One death, 35 confirmed cases in hepatitis A outbreak in Yakima County
YAKIMA, Wash. —The Yakima Health District reported Wednesday that Yakima County has now seen its first death in connection with a hepatitis A outbreak that began last fall.
Since the outbreak began, health officials said they’ve seen 35 confirmed cases of hepatitis A countywide, with the majority involving individuals who are homeless or who engage in drug use.
In that time, health officials have partnered with local organizations that work with the populations most at risk for exposure to distribute more than 400 vaccinations.
“There’s no reason to be alarmed at this point in time,” Director of Public Health Partnerships Lillian Bravo said, adding that just two of the 35 cases involved people who did not fit into either category.
The Yakima Health District is advising everyone, regardless of whether they may be at-risk, to make sure their vaccinations are up to date and they are washing their hands thoroughly.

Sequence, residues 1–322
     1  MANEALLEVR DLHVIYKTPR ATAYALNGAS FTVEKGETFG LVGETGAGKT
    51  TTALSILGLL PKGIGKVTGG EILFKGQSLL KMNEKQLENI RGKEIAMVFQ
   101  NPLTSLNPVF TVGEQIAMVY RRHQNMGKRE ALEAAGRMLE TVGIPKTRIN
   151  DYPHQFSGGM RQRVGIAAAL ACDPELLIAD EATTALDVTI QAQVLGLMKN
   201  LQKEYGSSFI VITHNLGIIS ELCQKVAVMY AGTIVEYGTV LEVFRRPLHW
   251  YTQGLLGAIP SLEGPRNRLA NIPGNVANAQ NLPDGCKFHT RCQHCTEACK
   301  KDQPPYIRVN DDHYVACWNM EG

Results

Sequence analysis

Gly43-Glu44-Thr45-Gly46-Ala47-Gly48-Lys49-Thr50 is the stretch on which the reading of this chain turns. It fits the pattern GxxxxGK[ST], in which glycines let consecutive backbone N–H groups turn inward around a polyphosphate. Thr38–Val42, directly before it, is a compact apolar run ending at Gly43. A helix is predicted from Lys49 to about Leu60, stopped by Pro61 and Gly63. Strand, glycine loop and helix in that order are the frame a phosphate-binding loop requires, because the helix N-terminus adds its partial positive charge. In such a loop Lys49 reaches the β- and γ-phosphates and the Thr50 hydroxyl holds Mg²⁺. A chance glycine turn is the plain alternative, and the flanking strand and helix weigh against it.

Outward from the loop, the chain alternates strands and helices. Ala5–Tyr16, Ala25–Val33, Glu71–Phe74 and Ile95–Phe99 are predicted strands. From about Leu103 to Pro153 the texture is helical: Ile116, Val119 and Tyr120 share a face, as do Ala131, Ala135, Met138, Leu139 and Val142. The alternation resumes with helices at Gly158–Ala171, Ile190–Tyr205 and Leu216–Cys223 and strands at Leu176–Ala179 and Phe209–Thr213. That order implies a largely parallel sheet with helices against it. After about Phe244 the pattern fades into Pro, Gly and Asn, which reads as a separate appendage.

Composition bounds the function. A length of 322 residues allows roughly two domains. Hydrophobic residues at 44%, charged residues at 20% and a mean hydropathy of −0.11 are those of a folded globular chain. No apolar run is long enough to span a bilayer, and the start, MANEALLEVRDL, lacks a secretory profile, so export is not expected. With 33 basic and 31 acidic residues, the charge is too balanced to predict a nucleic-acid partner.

The first case of hepatitis A in Yakima County was reported Oct. 24, 2019; after three more confirmed cases, the health district activated emergency operations Nov. 5, 2019.
The next day, a fifth case of hepatitis A was reported, this one with a potential exposure at Popeye’s Louisiana Kitchen in Yakima. Six days after that, the number of reported cases had more than doubled.
Bravo said Yakima County hasn’t seen a hepatitis A outbreak this large in recent history. However, she said health officials at the state level and nationwide have been seeing the number of hepatitis A outbreaks rise over the past few years.
Last summer, the Washington State Department of Health announced a multi-county hepatitis A outbreak. From April 1, 2019 to Jan. 30, 2020, more than 200 cases of Hepatitis A had been reported statewide, resulting in 119 hospitalizations and four deaths.
“Through genetic testing, it was found that the Yakima County hepatitis A strain that is being observed is related to the hepatitis A outbreak in Spokane,” state health officials said.
Nationally, since the first outbreak was reported in 2016, more than 30 states have reported cases of hepatitis A rising to the level of an outbreak: a total of about 30,000 confirmed cases, 18,000 hospitalizations and 300 deaths.